• While Yahoo's actions are rather disgusting to me personally (I'd boycott them if I actually used them in the first place), they are also very typically capitalistic. This is actually a good thing in terms of the system we in the US adhere to.

    This is mostly bad for China -- no country ever got ahead by censoring what its citizens could see or hear. At the very least, they're insuring that they'll have a public ignorant of current affairs (and thus no gov't reforms, no progress on their upcoming corruption-caused AIDS disaster, etc). At worst, they've provided a system which will keep the average Chinese citizens in the cultural dark ages for another few decades.

    All governments *want* to do this sort of thing at one time or another; it's just that wise leaders (or at least, wise founders) can see past the immediate benefit to the long-term harm of these sorts of policies. Arresting social development and free exchange of ideas and information might make it easier for the elderly thugs that form China's government to cling to power a bit longer, but it will also keep China a third-rate country.

    Good job, dipshits.

  • by aftk2 (556992) on Monday July 15, 2002 @03:47PM (#3888703) Homepage Journal
    What I'm really concerned about is how this decision will effect those Yahoo commercials?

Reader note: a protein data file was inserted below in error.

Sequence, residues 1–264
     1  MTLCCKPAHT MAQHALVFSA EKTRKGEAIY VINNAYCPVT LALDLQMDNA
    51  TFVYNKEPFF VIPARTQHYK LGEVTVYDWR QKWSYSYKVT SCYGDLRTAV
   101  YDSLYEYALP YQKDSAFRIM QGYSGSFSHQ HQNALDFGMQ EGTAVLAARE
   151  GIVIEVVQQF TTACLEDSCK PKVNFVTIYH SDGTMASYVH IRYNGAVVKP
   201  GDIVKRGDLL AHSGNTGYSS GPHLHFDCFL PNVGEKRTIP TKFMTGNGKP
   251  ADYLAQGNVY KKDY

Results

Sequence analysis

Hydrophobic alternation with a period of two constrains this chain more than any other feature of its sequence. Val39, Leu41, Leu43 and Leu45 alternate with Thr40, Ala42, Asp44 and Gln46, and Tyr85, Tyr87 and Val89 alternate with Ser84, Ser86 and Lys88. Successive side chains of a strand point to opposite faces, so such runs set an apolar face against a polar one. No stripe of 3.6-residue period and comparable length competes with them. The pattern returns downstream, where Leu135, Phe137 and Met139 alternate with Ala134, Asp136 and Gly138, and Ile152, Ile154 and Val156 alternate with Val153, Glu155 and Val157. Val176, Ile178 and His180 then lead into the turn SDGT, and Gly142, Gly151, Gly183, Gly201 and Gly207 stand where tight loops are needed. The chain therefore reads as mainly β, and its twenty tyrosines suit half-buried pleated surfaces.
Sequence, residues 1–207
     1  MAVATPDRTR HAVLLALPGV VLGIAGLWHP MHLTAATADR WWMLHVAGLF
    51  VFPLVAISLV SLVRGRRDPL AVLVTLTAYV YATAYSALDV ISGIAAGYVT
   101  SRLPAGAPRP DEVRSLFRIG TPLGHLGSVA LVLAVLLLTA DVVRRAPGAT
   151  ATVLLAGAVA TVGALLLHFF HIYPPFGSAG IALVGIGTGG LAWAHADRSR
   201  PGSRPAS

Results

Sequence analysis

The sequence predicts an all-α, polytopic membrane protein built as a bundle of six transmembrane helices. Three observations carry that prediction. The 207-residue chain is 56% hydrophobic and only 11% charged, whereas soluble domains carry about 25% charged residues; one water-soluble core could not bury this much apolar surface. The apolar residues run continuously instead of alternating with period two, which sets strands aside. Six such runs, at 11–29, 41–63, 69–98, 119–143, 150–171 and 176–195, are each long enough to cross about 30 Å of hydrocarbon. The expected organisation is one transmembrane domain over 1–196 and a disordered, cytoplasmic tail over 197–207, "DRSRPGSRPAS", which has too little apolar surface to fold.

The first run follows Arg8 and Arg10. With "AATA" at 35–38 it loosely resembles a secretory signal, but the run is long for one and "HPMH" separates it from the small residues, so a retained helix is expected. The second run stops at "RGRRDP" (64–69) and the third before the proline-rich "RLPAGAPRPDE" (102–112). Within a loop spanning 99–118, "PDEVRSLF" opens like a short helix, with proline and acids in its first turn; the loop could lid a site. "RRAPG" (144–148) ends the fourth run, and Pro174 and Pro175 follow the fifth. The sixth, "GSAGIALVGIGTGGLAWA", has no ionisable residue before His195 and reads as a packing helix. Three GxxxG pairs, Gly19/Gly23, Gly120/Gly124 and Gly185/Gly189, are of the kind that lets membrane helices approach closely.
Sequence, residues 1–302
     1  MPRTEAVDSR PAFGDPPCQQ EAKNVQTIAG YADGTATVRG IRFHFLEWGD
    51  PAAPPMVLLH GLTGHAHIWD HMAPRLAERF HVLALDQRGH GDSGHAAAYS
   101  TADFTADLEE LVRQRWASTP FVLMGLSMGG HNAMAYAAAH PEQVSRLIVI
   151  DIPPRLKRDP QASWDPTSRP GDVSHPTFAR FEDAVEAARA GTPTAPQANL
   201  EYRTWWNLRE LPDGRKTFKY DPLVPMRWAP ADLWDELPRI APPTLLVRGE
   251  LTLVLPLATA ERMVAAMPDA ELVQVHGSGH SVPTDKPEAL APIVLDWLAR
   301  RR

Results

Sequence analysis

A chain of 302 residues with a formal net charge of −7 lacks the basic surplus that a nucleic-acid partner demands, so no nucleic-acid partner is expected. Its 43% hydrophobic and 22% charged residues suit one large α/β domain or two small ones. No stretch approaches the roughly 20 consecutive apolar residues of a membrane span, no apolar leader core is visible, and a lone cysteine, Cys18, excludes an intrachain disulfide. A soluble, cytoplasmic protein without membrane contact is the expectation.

"Hey...where'd you get such great information on Shanghai?"
    "...Yahoo..."

    "How'd you know it was going to rain today?"
    "...Yahoo..."

    "Hey...where'd you get that Ayn Rand essay?"
    "...Google..."

    And in run the secret police...

    Do You Yahoo? Not Anymore...
  • i guess that is why there isn't a chinese version of slashdot...

    how would china feel about poopbot & the other trolls???
  • What scares me is that we're starting to find out that big, monopoly capitalism is indeed compatible with big, totalitarian communism. Lies and propaganda to the workers, gilded perks to the bosses. In fact, monopoly capitalism may just be totalitarian communism that actually works right.

    The big difference it seems to me is that the communists have the balls it takes to grease party members when they fuck up, corporate guys just get paid off.